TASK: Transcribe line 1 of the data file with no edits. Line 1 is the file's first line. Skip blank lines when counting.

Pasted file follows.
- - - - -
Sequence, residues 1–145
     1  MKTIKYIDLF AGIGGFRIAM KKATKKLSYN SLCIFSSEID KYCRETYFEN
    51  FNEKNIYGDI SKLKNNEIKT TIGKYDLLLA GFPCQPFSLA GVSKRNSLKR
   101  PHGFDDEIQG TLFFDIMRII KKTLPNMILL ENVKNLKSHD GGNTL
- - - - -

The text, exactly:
Sequence, residues 1–145